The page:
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Nitrogen Application May Depend on Weather, Growth Rates

Nitrogen Application May Depend on Weather, Growth Rates

U of Illinois professor says weather conditions are affecting how much nitrogen remains in soils

Some growers may wonder about nitrogen supplies in light of strange weather this spring. According to University of Illinois crop sciences professor Emerson Nafziger, if weather dries out nitrogen supply will improve – but if wet weather sticks around, some supplemental nitrogen might be a consideration.

Emerson said so far, samples have shown that wet conditions have caused nitrogen to move down in the soil, and it will continue its descent if soils stay wet. But, Nafziger said, nitrogen can be captured if roots go deeper and soils dry out.

U of Illinois professor says weather conditions are affecting how much nitrogen remains in soils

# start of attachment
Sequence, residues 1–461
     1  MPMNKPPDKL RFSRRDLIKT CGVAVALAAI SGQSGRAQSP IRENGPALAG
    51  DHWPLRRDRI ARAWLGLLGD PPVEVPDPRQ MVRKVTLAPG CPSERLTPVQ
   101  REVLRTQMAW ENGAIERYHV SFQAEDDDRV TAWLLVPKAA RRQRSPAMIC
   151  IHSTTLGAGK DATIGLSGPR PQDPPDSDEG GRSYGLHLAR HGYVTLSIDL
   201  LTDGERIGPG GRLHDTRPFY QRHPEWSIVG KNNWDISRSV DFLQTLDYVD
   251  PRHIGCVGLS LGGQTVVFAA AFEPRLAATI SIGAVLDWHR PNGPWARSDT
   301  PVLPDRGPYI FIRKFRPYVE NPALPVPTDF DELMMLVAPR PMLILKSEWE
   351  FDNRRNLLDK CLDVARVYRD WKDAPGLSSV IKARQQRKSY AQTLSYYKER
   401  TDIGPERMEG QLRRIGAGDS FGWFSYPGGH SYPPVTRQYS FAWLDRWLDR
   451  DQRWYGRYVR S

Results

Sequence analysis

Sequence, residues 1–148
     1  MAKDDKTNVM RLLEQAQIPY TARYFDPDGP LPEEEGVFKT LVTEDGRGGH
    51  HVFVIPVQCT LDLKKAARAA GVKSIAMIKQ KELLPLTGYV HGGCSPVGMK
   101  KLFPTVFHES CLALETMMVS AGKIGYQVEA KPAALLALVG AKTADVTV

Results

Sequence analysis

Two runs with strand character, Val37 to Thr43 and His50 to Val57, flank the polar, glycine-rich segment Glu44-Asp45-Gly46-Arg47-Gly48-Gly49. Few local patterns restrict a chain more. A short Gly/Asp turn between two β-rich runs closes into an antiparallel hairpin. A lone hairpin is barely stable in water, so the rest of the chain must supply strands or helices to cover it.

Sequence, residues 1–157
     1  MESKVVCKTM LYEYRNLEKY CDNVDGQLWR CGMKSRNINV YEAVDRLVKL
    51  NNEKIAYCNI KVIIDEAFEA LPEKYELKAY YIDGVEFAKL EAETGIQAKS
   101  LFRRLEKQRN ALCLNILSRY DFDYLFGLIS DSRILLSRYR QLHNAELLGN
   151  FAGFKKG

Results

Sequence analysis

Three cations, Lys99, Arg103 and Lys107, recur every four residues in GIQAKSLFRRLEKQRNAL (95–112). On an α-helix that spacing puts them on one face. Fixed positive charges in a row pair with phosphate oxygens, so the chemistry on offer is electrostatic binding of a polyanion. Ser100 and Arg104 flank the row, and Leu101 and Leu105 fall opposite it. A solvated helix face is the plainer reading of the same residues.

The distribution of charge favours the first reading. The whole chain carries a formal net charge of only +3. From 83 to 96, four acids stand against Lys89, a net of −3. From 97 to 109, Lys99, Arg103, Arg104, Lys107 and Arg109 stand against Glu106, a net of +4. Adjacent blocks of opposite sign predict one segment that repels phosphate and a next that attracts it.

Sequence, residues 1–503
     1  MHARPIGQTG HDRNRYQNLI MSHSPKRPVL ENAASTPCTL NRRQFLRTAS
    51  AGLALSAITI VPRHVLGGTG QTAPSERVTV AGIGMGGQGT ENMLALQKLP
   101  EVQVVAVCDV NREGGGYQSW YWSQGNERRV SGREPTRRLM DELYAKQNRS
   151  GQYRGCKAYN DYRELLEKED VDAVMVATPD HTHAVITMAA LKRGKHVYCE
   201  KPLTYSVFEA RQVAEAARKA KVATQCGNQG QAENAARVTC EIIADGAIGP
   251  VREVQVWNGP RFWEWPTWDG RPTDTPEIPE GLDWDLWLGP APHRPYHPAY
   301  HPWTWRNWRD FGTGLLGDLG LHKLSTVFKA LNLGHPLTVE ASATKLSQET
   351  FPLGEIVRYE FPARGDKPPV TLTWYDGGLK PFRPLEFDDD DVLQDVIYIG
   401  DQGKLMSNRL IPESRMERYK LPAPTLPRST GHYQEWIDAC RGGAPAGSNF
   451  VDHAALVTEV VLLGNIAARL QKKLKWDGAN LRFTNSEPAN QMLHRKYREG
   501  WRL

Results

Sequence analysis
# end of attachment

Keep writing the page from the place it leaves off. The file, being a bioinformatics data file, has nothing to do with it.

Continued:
Luckily, Nafziger said the chances are fairly small that nitrogen deficiency will appear early in corn planted into warm soils, so there may be time for application.

"Nitrogen uptake is slow in small corn plants, and as soils warm up the mineralization process—the production of plant-available nitrogen from soil organic matter—kicks in. This process can provide as much as half the nitrogen needed by the crop in a season, especially in soils with high amounts of organic matter," he added.

But as corn growth speeds up, more attention will again return to nitrogen. To make sure crops get the appropriate amount, Nafziger said application will be necessary but it makes little difference in what form it is applied.

"Placing urea or UAN solution on the soil surface brings some risk of loss, but only if it stays dry for a week or so after application. Injecting UAN or using a urease inhibitor with either of these forms helps to protect the nitrogen from loss," he said.

Nafziger explained that later-applied nitrogen has little time in which to be lost before plant uptake begins.

"This means lower overall loss potential and so less need to apply insurance amounts of nitrogen. As an example, a plan to split-apply nitrogen—right after planting and again at sidedress—might now be modified to apply less total nitrogen in a single application if the first application couldn't be made before the crop emerged," he said.

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